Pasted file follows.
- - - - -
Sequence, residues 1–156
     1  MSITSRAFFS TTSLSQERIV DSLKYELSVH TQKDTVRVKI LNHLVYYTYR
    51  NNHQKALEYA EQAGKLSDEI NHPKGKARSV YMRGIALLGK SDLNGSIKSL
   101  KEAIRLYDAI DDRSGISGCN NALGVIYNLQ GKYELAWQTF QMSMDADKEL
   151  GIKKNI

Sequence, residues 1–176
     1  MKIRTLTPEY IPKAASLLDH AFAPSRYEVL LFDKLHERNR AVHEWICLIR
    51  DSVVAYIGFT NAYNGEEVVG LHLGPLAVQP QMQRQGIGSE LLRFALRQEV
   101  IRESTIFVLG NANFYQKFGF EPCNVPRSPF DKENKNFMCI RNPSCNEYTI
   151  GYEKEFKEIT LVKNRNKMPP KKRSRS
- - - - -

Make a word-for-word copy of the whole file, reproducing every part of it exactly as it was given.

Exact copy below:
Sequence, residues 1–156
     1  MSITSRAFFS TTSLSQERIV DSLKYELSVH TQKDTVRVKI LNHLVYYTYR
    51  NNHQKALEYA EQAGKLSDEI NHPKGKARSV YMRGIALLGK SDLNGSIKSL
   101  KEAIRLYDAI DDRSGISGCN NALGVIYNLQ GKYELAWQTF QMSMDADKEL
   151  GIKKNI

Sequence, residues 1–176
     1  MKIRTLTPEY IPKAASLLDH AFAPSRYEVL LFDKLHERNR AVHEWICLIR
    51  DSVVAYIGFT NAYNGEEVVG LHLGPLAVQP QMQRQGIGSE LLRFALRQEV
   101  IRESTIFVLG NANFYQKFGF EPCNVPRSPF DKENKNFMCI RNPSCNEYTI
   151  GYEKEFKEIT LVKNRNKMPP KKRSRS